I find it interesting that the Shetland conference has chosen FIRE as its theme. Fire is prophetic. I also find it interesting that the name for our monastery, chosen before we knew of the conference, or of the significance of fire, is “North Wind Monastery. I feel wind is apostolic more than prophetic. Fire needs wind, or it will not travel, will not become a movement. So as my prophetic friends pray for God to come as Fire, we will join with them, learn from them, and also pray that the Spirit’s wind will bring motion and direction to whatever God wants to do up here.


Andrew Jones launched his first internet space in 1997 and has been teaching on related issues for the past 20 years. He travels all the time but lives between Wellington, San Francisco and a hobbit home in Prague.


  • Rich Johnson says:

    I’m with you on 90% of this which is really helpful… but not sure I agree with you on the charismatic/non-charismatic being irrelevant. I agree that it doesn’t seem to be an issue of contention in some quarters. But at times it is – the “Future of the People of God” conference for e.g. was hosted by guys who were proud of their “post-charismatic” badge at the expense of respect for those of us who would define ourselves (carefully) as charismatic. I mean than it in the sense that I believe in the work and power of the Holy Spirit, I believe in ministering in that power etc. I would not want to define my ecclesiology as “charismatic” – that would be lazy and unbalanced if it was.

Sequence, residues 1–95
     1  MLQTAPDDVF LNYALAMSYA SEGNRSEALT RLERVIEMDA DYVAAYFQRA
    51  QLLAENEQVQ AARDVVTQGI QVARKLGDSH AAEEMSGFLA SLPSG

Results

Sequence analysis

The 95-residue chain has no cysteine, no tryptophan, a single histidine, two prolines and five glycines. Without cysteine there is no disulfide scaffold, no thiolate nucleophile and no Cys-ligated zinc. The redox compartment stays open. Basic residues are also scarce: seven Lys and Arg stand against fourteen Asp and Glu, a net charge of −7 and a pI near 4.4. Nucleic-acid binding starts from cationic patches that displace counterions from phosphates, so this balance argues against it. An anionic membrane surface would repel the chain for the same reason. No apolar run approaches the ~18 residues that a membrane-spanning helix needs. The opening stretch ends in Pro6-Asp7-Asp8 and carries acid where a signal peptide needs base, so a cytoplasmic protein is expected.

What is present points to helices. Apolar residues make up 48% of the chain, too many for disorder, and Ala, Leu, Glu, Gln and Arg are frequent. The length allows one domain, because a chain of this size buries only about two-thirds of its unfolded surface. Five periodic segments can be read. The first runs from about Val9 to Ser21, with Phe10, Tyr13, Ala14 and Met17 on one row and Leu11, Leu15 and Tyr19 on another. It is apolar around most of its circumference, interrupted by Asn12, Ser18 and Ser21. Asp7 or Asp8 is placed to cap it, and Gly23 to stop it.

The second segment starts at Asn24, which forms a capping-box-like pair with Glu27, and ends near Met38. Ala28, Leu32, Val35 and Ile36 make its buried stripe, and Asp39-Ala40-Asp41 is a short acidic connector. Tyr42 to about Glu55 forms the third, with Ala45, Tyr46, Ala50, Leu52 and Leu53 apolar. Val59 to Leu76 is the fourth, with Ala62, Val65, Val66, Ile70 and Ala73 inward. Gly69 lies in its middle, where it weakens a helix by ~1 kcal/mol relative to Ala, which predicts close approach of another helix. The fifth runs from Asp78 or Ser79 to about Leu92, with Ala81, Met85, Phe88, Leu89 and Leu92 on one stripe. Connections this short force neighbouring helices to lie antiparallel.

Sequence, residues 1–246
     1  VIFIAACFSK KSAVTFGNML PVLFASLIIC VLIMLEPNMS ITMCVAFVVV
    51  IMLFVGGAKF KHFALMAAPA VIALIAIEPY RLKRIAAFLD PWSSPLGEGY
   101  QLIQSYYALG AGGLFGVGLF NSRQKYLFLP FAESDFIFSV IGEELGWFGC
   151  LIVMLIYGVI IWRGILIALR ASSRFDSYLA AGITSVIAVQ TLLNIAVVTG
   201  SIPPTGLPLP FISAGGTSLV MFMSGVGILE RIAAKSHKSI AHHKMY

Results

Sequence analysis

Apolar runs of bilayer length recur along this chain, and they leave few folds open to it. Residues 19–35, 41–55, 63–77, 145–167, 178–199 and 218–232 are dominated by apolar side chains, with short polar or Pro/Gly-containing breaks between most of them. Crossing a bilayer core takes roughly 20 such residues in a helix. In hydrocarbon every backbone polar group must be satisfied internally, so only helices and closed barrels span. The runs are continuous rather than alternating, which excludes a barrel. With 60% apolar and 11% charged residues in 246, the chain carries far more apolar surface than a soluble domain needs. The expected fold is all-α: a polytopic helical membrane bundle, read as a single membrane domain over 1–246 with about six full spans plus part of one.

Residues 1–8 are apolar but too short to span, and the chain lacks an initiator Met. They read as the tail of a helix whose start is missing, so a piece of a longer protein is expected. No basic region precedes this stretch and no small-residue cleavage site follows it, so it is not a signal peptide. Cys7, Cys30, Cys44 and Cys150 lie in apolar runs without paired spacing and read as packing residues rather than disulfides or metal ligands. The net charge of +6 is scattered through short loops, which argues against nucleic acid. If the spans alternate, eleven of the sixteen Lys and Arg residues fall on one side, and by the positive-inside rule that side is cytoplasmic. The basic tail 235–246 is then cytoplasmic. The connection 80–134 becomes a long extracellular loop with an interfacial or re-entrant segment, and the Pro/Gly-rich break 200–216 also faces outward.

I still encounter an under-current of “I was once a charismatic and then I saw the light” which is understandable, but not helpful. Equally there are still people for whom the charismatic is too much the epitomy of ecclesiology.